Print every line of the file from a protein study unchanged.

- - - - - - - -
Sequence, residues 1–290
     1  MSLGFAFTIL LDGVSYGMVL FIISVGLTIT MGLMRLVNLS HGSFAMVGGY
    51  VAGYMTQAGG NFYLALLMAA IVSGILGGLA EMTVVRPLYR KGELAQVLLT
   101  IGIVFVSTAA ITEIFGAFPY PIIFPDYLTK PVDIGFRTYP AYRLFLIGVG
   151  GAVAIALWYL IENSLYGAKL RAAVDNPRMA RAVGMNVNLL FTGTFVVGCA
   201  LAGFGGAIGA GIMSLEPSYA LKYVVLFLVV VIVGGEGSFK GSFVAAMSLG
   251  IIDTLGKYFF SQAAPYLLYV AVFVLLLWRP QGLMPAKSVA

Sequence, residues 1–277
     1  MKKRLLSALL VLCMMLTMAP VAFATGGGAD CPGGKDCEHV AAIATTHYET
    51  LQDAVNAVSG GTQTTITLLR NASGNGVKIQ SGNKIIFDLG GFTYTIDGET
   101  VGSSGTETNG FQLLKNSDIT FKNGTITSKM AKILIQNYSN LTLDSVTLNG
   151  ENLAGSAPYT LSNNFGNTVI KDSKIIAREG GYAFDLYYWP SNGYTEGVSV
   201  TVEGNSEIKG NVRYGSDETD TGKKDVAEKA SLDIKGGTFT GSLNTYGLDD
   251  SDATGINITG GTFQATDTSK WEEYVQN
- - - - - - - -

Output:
Sequence, residues 1–290
     1  MSLGFAFTIL LDGVSYGMVL FIISVGLTIT MGLMRLVNLS HGSFAMVGGY
    51  VAGYMTQAGG NFYLALLMAA IVSGILGGLA EMTVVRPLYR KGELAQVLLT
   101  IGIVFVSTAA ITEIFGAFPY PIIFPDYLTK PVDIGFRTYP AYRLFLIGVG
   151  GAVAIALWYL IENSLYGAKL RAAVDNPRMA RAVGMNVNLL FTGTFVVGCA
   201  LAGFGGAIGA GIMSLEPSYA LKYVVLFLVV VIVGGEGSFK GSFVAAMSLG
   251  IIDTLGKYFF SQAAPYLLYV AVFVLLLWRP QGLMPAKSVA

Sequence, residues 1–277
     1  MKKRLLSALL VLCMMLTMAP VAFATGGGAD CPGGKDCEHV AAIATTHYET
    51  LQDAVNAVSG GTQTTITLLR NASGNGVKIQ SGNKIIFDLG GFTYTIDGET
   101  VGSSGTETNG FQLLKNSDIT FKNGTITSKM AKILIQNYSN LTLDSVTLNG
   151  ENLAGSAPYT LSNNFGNTVI KDSKIIAREG GYAFDLYYWP SNGYTEGVSV
   201  TVEGNSEIKG NVRYGSDETD TGKKDVAEKA SLDIKGGTFT GSLNTYGLDD
   251  SDATGINITG GTFQATDTSK WEEYVQN